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A History of the Reformation (Vol. 2 of 2)

Gerard Cauvin had early seen that his second son


Geneva

needed a man of altogether different mould of character to do the work that was now necessary. When Farel's anxieties and vexations were at their height, he learned almost by accident that a distinguished young French scholar, journeying from Ferrara to Basel, driven out of his direct course by war, had arrived in Geneva, and was staying for a night in the town. This was Calvin.

Sec. 4. _Calvin: Youth and Education._

Jean Cauvin (latinised into Calvinus) was born at Noyon in Picardy on the 10th of July 1509. He was the second son in a family of four sons and two daughters. His father, Gerard Cauvin, was a highly esteemed lawyer, the confidential legal adviser of the nobility and higher clergy of the district. His mother, Jeanne La France, a very beautiful woman, was noted for her devout piety and her motherly affection. Calvin, who says little about his childhood, relates how he was once taken by his mother on the festival of St. Anna to see a relic of the saint preserved in the Abbey of Ourscamp, near Noyon, and that he remembers kissing "part of the body of St. Anna, the mother of the Virgin Mary."[98]

The Cauvins belonged to what we should call the upper middle class in social standing, and the young Jean entered the house of the noble family of de Montmor to share the education of the children, his father paying for all his expenses. The young de Montmors were sent to

College in Paris, and Jean Cauvin, then fourteen years of age, went with them. This early social training never left Calvin, who was always the reserved, polished French gentleman--a striking contrast to his great predecessor Luther.

Calvin was a Picard, and the characteristics of the province were seen in its greatest son. The Picards were always independent, frequently strongly anti-clerical, combining in a singular way fervent enthusiasm and a cold tenacity of purpose. No province in France had produced so many sympathisers with Wiclif and Hus, and "Picards" was a term met with as frequently on the books of Inquisitors as "Wiclifites," "Hussites," or "Waldenses"--all the names denoting dissenters from the mediaeval Church who accepted all the articles of the Apostles' Creed but were strongly anti-clerical. These "brethren" lingered in all the countries of Western Europe until the sixteenth century, and their influence made itself felt in the beginnings of the stirrings for reform.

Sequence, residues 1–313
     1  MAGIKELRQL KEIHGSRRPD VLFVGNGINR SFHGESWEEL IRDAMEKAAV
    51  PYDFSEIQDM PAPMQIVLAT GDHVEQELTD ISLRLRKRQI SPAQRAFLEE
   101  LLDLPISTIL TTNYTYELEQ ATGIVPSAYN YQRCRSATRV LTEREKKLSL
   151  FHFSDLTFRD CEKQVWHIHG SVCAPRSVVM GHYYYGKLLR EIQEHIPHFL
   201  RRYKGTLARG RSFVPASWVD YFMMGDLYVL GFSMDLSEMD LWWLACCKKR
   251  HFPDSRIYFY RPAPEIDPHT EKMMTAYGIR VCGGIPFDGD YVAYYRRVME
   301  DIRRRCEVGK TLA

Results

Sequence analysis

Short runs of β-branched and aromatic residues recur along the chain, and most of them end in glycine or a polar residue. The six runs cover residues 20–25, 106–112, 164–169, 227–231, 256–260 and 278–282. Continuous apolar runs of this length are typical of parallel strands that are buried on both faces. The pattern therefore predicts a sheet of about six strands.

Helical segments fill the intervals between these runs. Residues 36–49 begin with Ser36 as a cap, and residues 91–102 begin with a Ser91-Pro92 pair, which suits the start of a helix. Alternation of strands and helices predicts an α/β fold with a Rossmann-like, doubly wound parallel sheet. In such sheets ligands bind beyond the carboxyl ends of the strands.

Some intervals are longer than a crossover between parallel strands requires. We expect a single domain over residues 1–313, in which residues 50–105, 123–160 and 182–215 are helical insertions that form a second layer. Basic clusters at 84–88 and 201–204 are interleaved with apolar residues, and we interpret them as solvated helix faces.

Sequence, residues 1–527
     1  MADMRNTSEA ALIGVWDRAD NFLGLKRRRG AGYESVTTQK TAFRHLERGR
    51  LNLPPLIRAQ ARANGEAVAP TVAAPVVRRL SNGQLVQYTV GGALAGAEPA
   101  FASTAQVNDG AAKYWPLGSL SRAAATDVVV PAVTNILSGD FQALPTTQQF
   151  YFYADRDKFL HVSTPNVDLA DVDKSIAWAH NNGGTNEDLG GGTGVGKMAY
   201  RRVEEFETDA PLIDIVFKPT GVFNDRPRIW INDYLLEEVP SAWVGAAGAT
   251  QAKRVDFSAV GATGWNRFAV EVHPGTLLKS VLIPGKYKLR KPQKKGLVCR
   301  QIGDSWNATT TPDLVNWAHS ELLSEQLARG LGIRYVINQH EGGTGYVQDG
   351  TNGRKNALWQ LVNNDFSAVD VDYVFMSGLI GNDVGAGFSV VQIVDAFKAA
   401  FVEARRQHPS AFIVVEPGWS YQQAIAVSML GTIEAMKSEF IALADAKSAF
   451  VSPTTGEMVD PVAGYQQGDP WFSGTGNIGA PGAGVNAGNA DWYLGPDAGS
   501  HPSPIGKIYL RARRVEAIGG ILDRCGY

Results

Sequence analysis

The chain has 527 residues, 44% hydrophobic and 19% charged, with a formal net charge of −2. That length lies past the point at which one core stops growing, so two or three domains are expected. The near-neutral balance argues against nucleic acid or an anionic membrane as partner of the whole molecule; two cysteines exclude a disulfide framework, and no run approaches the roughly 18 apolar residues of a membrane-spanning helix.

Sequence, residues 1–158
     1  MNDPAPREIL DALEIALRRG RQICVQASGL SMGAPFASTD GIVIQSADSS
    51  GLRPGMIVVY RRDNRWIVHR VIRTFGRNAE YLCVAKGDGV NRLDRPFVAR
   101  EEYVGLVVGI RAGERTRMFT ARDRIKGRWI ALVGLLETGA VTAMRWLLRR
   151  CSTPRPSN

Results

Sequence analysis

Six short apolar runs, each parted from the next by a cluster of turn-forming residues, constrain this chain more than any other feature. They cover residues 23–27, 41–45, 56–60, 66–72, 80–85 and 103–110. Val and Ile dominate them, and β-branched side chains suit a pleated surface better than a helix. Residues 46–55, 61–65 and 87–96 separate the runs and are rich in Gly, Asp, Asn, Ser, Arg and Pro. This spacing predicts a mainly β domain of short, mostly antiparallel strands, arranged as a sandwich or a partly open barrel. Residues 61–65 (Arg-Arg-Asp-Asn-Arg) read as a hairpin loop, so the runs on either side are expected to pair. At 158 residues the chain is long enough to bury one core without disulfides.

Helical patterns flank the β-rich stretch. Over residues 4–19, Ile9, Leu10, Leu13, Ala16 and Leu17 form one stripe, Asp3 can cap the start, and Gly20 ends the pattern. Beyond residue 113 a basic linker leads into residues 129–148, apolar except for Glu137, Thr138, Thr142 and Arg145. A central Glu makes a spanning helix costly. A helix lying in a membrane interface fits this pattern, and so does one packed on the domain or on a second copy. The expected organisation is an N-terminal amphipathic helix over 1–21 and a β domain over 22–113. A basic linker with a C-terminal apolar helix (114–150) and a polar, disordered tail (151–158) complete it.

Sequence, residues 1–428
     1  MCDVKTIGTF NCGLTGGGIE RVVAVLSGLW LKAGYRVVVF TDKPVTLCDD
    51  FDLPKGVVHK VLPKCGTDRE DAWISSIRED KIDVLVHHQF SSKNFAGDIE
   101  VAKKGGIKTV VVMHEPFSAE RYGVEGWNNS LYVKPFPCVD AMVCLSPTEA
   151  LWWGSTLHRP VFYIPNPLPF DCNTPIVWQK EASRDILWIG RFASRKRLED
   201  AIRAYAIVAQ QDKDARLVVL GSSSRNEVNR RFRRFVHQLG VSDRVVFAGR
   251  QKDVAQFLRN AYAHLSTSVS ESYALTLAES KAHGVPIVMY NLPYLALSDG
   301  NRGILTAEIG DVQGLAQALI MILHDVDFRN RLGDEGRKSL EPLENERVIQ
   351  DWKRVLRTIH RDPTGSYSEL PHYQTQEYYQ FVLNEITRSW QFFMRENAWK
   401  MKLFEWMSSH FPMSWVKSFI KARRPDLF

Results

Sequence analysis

Gerard Cauvin had early seen that his second son, Jean, was _de bon esprit, d'une prompte naturelle a concevoir, et inventif en l'estude des lettres humaines_,[99] and this induced him to give the boy as good an education as he could, and to destine him for the study of theology. His legal connection with the higher clergy of Noyon enabled him, in the fashion of the day, to procure for his son more than one benefice. The boy was tonsured, a portion of the revenue was used to pay for a curate who did the work, and the rest went to provide for the lad's education.

Young Calvin went with the three sons of the de Montmor family to the College de la Marche in Paris. It was not a famous one, but when Calvin studied there in the lowest class he had as his professor Mathurin Cordier, the ablest teacher of his generation.[100] His aim was to give his pupils a thorough knowledge of the French and Latin languages--a foundation on which they might afterwards build for themselves. He had a singularly sweet disposition, and a very open mind. He was brought to know the Gospel by Robert Estienne, and in 1536 his name was inscribed, along with those of Courat and Clement Marot, on the list of the principal heretics in Paris. Calvin was not permitted to remain long under this esteemed teacher. The atmosphere was probably judged to be too liberal for one who was destined to study theology. He was transferred to the more celebrated College de Montaigu. Calvin was again fortunate in his principal teachers. He became the pupil of Noel Beda and of Pierre Tempete, who taught him the art of formal disputation.


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